The House of Representatives passed legislation to require hospitals and other healthcare employers to take specific steps to prevent workplace violence against staff and patients.

The Workplace Violence Prevention for Health Care and Social Service Workers Act (H.R. 1309) legislation directs the Occupational Safety and Health Administration (OSHA) to issue new standards requiring health care and social service employers to write and implement a workplace violence prevention plan to prevent and protect employees from violent incidents and assaults at work. The bipartisan legislation is co-sponsored by Congressman Robert C. “Bobby” Scott (VA-03), Chairman of the House Education & Labor Committee, Congresswoman Alma Adams (NC-12), Chairwoman of the Subcommittee on Workforce Protections, and 226 other Members of Congress.

Rep. Joe Courtney, D-Conn., introduced the bill earlier this year. “Workplace assaults against nurses, health care professionals, and social service workers occur more often than in any other profession,” said Congressman Courtney. “These are some of the same people we depend on to take care of us when we need it most, and they shouldn’t have to fear for their own lives while they’re at work trying to save ours. For years, our partners and I have worked together to advance this bill in order to finally take steps curb the national epidemic of workplace violence and on-the-job assaults in the health care industry. From the Connecticut Nurses Association, to National Nurses United to the health care professionals like at AFT Connecticut, and many more, our partners know all too well the severity, frequency, and devastating impact of workplace violence, and they’ve been integral in pushing this effort across the finish line. H.R. 1309 was written and introduced on their behalf, and it’s thanks to them that we’re celebrating its passage in the House today.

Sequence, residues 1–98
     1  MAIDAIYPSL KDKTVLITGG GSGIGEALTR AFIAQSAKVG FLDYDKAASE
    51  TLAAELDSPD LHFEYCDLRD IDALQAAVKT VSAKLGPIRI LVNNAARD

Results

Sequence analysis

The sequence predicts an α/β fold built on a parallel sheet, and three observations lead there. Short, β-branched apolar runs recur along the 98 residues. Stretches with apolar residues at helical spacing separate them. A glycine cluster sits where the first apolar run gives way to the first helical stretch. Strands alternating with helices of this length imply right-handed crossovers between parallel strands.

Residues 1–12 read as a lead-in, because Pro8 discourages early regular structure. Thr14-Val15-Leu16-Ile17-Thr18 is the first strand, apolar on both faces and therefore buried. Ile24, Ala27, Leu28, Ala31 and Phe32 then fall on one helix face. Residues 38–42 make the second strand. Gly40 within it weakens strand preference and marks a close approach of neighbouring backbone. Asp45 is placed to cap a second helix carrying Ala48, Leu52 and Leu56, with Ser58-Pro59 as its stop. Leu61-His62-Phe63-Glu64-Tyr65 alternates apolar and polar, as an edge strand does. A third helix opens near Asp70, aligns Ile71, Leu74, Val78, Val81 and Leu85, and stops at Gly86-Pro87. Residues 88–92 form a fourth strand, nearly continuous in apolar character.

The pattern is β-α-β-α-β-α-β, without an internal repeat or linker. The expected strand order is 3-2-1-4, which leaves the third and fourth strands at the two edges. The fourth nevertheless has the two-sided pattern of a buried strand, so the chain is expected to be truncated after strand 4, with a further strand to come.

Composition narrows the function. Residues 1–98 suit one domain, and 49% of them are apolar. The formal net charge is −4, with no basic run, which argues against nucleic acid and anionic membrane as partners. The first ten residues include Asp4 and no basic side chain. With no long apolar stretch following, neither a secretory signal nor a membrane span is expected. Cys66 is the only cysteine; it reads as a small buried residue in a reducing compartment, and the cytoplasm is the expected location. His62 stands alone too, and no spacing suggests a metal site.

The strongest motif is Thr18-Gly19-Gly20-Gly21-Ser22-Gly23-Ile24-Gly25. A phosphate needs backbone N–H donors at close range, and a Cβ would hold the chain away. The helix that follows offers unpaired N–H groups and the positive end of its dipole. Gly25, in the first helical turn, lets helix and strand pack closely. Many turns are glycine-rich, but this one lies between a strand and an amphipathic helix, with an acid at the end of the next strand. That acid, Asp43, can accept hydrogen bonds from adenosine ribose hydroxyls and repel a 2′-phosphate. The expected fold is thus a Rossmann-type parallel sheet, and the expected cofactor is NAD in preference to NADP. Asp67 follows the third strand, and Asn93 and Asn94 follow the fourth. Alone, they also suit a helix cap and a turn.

“Our diverse coalition has worked together and across the aisle towards this vote, and all the while more devastating stories of on-the-job assaults from across the country have continued to come in. This is a national epidemic, and it’s ongoing. Passage of my bill in the House today is an important step forward in this effort to curb workplace violence, but it’s not the last step. I’m calling on Senate Majority Leader Mitch McConnell to allow his colleagues to debate and vote on H.R. 1309’s Senate companion, S. 851, and to not allow this critical bill to be added to the Senate’s ever-growing backlog of House-passed legislation.”

According to the legislation, incidents of violence against health care and social service workers are on the rise. A 2016 GAO study reported that rates of violence against health care workers are up to 12 times higher than rates for the overall workforce, and 70% of nonfatal workplace assaults in 2016 occurred in the health care and social assistance sectors. Data from the Bureau of Labor Statistics found a sharp increase in serious injuries as a result of workplace violence among health care workers last year. Front line employees in these settings interact with a range of patients, clients, and their families, often with little training or direction for how to prevent or handle interactions that become violent.

According to the legislation, the Workplace Violence Prevention in Health Care and Social Services Act would ensure that health care and social service workplaces adopt proven prevention techniques and are prepared to respond in the tragic event of a violent incident.